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Acceleration (Teen)

By Graham McNamee

9 copies

From School Library Journal

Grade 8 Up-Seventeen-year-old Duncan is haunted by the fact that he was unable to save a drowning girl a few yards away one fateful afternoon the previous September. This summer he has a job working underground at the Toronto subway lost and found where he uncovers, amid the piles of forgotten junk, an opportunity to exorcise his own guilty demons. When business is slow, Duncan spends his time rummaging through dusty shelves and boxes of unclaimed items. During one of these sessions, he uncovers a strange, leather-bound book that turns out to be the diary of a would-be serial killer. Unable to tear himself from the gory descriptions of tortured animals and arson, he discovers that the writer has started to stalk women on the subway. When the police seem disinterested, the teen takes matters into his own hands, and with the aid of his two best friends, tries to track and trap the murderer before he can strike. This chilling page-turner is all thrills, and the author cleverly manipulates readers' sense of disbelief by eliminating the possibility of police help or parental understanding. What results is one teen's self-conscious yet fast-paced journey into the mind of a cold-blooded killer, and the resulting manhunt will keep readers on the edge of their seats.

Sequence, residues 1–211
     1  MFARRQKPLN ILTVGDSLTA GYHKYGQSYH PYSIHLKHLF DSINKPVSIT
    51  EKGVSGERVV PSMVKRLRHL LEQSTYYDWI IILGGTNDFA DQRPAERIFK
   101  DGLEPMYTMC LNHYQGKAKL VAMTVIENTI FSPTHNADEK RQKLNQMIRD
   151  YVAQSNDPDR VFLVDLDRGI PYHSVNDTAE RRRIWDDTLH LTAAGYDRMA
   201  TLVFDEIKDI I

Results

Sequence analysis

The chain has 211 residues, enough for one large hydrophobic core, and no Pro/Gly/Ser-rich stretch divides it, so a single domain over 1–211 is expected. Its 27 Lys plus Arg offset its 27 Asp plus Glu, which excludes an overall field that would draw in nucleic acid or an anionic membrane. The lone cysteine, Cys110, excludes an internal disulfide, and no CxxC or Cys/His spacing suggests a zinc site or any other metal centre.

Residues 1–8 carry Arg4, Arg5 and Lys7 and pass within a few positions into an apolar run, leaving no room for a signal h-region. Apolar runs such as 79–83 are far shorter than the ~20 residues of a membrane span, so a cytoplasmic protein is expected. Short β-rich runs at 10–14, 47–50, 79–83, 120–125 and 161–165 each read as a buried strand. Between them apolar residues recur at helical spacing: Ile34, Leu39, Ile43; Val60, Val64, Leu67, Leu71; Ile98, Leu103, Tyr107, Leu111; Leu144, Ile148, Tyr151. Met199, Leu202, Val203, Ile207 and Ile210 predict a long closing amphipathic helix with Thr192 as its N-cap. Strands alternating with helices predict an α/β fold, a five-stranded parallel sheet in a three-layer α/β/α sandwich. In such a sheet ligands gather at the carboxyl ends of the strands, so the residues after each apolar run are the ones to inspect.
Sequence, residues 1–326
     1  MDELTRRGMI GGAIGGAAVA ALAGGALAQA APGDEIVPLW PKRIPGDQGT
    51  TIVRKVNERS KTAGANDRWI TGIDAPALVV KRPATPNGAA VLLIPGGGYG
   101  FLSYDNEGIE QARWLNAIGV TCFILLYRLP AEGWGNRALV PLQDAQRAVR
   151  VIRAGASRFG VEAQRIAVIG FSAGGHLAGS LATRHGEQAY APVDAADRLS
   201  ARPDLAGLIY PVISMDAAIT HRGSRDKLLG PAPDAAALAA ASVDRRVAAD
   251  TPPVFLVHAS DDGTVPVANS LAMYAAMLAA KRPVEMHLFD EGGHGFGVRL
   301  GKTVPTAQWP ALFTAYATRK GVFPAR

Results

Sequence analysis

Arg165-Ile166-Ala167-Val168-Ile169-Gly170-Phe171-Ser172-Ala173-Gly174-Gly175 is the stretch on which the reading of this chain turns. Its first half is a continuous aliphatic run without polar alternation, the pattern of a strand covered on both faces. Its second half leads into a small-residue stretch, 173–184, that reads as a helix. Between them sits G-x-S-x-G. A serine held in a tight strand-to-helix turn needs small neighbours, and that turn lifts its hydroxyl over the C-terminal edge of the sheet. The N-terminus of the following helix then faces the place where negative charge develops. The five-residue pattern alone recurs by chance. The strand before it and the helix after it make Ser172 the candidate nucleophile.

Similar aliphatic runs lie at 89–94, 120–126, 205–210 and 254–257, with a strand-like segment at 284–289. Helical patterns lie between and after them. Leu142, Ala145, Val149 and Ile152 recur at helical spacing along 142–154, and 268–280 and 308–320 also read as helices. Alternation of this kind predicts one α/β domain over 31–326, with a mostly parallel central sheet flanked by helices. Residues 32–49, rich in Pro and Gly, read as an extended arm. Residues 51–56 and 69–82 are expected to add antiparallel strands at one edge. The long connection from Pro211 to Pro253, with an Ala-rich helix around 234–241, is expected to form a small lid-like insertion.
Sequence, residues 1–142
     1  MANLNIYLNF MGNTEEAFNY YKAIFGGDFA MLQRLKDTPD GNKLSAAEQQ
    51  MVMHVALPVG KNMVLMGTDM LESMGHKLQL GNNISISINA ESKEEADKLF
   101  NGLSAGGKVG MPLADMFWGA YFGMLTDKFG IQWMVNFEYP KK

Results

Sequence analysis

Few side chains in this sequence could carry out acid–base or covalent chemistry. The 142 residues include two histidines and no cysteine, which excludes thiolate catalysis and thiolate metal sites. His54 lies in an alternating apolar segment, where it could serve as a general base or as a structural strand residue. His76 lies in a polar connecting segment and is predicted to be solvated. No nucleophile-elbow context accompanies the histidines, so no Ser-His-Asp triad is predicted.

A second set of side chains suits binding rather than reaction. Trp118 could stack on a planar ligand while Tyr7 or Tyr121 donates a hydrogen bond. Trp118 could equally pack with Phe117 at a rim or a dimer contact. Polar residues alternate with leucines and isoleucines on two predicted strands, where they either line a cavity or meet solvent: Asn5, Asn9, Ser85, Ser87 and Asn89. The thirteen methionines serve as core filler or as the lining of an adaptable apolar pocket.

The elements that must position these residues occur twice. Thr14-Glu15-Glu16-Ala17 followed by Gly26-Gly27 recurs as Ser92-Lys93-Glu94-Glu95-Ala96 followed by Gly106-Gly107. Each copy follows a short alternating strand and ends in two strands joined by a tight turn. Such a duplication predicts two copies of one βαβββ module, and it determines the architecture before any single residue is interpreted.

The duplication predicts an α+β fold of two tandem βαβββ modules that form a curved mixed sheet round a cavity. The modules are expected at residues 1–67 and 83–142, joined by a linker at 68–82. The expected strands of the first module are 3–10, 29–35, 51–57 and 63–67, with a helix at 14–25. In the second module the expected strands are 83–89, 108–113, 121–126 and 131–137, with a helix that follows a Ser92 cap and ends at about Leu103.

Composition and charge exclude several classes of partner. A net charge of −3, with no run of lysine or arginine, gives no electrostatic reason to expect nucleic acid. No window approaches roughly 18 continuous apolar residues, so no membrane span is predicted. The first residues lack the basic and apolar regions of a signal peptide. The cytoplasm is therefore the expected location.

Hillias J. Martin, New York Public Library
Copyright 2003 Reed Business Information, Inc
 

From Booklist

Gr. 9-12. "Acceleration: escalation of increasingly destructive aberrant behavior," the stuff that serial killers are made of. That's what teenage Duncan finds out after he begins investigating a shocking journal that turns up in the Toronto subway lost-and-found where he works. When the police refuse to take it seriously, Duncan enlists the aid of two very different friends to help him find out the identity of the diary's author, who has apparently graduated from eviscerating animals and setting fires to tracking human prey. McNamee smoothly integrates snapshots from Duncan's escapades with a new buddy and his wild best friend, who lives teetering on the edge of the law, with information plucked from the diary. He never overexploits the sensational potential of the subject and builds suspense layer upon layer, while injecting some surprising comedy relief that springs from the boys' friendship. Less convincing is Duncan's guilt for a death not of his making, which is presented as the raison d'etre for his need to find the sick killer. Characters are more than stereotypes here, though it's the mystery and the boys' repartee that give the novel its page-turning punch. Stephanie Zvirin
Copyright © American Library Association. All rights reserved  

From Amazon Books 10/30/11

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